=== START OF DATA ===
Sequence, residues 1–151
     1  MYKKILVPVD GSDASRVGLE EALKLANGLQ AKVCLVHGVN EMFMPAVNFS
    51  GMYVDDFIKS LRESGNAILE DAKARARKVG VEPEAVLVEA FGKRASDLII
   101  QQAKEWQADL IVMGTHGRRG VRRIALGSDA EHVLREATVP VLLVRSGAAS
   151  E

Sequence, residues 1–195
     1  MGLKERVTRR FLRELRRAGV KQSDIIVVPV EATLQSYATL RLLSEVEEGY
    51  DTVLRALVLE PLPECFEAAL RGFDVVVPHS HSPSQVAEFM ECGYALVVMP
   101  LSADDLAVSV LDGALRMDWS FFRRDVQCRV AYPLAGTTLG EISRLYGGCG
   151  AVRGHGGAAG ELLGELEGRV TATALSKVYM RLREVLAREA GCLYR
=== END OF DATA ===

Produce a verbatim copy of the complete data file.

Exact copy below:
Sequence, residues 1–151
     1  MYKKILVPVD GSDASRVGLE EALKLANGLQ AKVCLVHGVN EMFMPAVNFS
    51  GMYVDDFIKS LRESGNAILE DAKARARKVG VEPEAVLVEA FGKRASDLII
   101  QQAKEWQADL IVMGTHGRRG VRRIALGSDA EHVLREATVP VLLVRSGAAS
   151  E

Sequence, residues 1–195
     1  MGLKERVTRR FLRELRRAGV KQSDIIVVPV EATLQSYATL RLLSEVEEGY
    51  DTVLRALVLE PLPECFEAAL RGFDVVVPHS HSPSQVAEFM ECGYALVVMP
   101  LSADDLAVSV LDGALRMDWS FFRRDVQCRV AYPLAGTTLG EISRLYGGCG
   151  AVRGHGGAAG ELLGELEGRV TATALSKVYM RLREVLAREA GCLYR